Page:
Bring It On

dir Peyton Reed scr Jessica Bendinger
with Kirsten Dunst, Eliza Dushku, Jesse Bradford, Gabrielle Union, Richard Hillman, Ian Roberts, Clare Kramer, Nicole Bilderback, Nathan West, Huntley Ritter, Cody McMains, Tsianina Joelson
Universal 00/US 4 out of 5 stars

Review by Rich Cline
Doing for cheerleading what Drop Dead Gorgeous did for beauty pageants, Bring It On is a far-above-average teen comedy that's both wickedly funny and dead-on insightful. With a very clever script, superior performances (including Drop Dead's Dunst) and witty direction, the film is so perky that you can't help but love it.

Torrance (Dunst) has inherited the mantle of head cheerleader at Rancho Carne High in San Diego only to discover that the outgoing captain stole all their championship-winning routines from an innercity high school in Los Angeles. So she has to cope with squabbling in the ranks, the furious L.A. squad captain (Union) and a scary new choreographer (Roberts) ... as the championships approach. But she has a feisty new friend and teammate Missy (Dushku) to help, and Missy has an intriguing brother (Bradford) Torrance is not falling for. Definitely not.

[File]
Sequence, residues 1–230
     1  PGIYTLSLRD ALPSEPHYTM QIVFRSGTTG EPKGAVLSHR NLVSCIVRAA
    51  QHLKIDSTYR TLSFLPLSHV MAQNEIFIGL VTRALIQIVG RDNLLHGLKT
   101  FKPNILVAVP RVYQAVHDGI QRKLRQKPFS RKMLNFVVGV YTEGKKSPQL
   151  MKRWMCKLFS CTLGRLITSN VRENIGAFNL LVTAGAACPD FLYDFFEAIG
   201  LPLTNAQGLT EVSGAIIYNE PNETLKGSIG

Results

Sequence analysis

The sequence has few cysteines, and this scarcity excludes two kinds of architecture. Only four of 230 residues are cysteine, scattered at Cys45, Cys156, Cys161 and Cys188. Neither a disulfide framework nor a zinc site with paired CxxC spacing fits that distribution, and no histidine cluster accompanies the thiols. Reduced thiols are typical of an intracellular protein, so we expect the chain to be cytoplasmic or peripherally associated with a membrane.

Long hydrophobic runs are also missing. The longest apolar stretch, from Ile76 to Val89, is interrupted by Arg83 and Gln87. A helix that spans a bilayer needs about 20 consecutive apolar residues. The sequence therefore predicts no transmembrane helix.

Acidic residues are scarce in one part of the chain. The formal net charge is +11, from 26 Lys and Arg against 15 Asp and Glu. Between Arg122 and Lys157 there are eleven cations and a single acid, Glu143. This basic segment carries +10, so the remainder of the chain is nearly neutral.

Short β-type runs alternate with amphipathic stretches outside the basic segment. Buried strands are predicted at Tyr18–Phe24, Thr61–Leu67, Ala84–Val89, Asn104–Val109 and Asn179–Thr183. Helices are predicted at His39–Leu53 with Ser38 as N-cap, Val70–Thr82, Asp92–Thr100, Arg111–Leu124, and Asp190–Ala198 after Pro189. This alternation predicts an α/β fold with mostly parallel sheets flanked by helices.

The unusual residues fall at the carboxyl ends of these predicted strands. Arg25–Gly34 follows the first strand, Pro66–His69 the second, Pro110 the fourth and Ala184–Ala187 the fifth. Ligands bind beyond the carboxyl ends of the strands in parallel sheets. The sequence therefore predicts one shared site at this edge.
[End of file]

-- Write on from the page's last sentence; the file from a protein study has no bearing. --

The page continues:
Reed's direction is just a bit too spirited at times, but it's solidly anchored by Bendinger's script, which slices straight through cheerleading culture to draw out both sharp humour and some surprisingly meaningful themes. The film isn't a spoof; it never opts for the cheap laugh when something far more knowing (and funny) can be drawn out of the situations and characters. And the cast is fantastic, held together by Dunst in a natural, kinetic performance that keeps us laughing ... and cheering her on. Yes, this is one of those rare comedies that's both non-stop hilarious and surprisingly telling as it examines high school in a subtle, smart way. And you'll never again be able to write off cheerleaders as airhead bimbos.

[12--themes, innuendo, some language] 11.Oct.00
US release 25.Aug.00; UK release 20.Oct.00

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2000 by Rich Cline, Shadows on the Wall